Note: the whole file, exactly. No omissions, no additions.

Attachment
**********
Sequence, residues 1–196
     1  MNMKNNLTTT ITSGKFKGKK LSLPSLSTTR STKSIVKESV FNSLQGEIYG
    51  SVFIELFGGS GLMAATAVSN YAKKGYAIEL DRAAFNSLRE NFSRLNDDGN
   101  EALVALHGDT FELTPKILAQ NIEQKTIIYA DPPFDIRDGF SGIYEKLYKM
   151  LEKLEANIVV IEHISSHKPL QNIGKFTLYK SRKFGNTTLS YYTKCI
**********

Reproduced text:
Sequence, residues 1–196
     1  MNMKNNLTTT ITSGKFKGKK LSLPSLSTTR STKSIVKESV FNSLQGEIYG
    51  SVFIELFGGS GLMAATAVSN YAKKGYAIEL DRAAFNSLRE NFSRLNDDGN
   101  EALVALHGDT FELTPKILAQ NIEQKTIIYA DPPFDIRDGF SGIYEKLYKM
   151  LEKLEANIVV IEHISSHKPL QNIGKFTLYK SRKFGNTTLS YYTKCI